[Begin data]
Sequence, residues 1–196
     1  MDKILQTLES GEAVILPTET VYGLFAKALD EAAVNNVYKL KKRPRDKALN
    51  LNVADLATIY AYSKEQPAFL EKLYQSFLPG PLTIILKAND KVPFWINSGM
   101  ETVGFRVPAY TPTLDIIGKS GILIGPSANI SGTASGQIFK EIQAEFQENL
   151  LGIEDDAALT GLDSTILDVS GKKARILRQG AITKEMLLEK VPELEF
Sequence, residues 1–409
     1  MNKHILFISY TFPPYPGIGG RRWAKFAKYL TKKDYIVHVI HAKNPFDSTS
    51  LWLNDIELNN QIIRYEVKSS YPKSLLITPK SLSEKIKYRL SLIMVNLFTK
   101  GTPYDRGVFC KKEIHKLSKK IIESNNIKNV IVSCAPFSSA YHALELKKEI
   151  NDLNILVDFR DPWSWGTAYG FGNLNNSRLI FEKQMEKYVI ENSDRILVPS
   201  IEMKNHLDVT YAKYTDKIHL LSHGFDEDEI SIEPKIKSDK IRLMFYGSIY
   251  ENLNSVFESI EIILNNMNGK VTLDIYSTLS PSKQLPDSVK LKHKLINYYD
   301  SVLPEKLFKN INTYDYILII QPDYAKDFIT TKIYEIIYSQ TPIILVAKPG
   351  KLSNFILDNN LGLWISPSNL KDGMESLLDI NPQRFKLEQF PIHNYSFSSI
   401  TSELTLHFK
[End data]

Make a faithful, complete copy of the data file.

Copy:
Sequence, residues 1–196
     1  MDKILQTLES GEAVILPTET VYGLFAKALD EAAVNNVYKL KKRPRDKALN
    51  LNVADLATIY AYSKEQPAFL EKLYQSFLPG PLTIILKAND KVPFWINSGM
   101  ETVGFRVPAY TPTLDIIGKS GILIGPSANI SGTASGQIFK EIQAEFQENL
   151  LGIEDDAALT GLDSTILDVS GKKARILRQG AITKEMLLEK VPELEF
Sequence, residues 1–409
     1  MNKHILFISY TFPPYPGIGG RRWAKFAKYL TKKDYIVHVI HAKNPFDSTS
    51  LWLNDIELNN QIIRYEVKSS YPKSLLITPK SLSEKIKYRL SLIMVNLFTK
   101  GTPYDRGVFC KKEIHKLSKK IIESNNIKNV IVSCAPFSSA YHALELKKEI
   151  NDLNILVDFR DPWSWGTAYG FGNLNNSRLI FEKQMEKYVI ENSDRILVPS
   201  IEMKNHLDVT YAKYTDKIHL LSHGFDEDEI SIEPKIKSDK IRLMFYGSIY
   251  ENLNSVFESI EIILNNMNGK VTLDIYSTLS PSKQLPDSVK LKHKLINYYD
   301  SVLPEKLFKN INTYDYILII QPDYAKDFIT TKIYEIIYSQ TPIILVAKPG
   351  KLSNFILDNN LGLWISPSNL KDGMESLLDI NPQRFKLEQF PIHNYSFSSI
   401  TSELTLHFK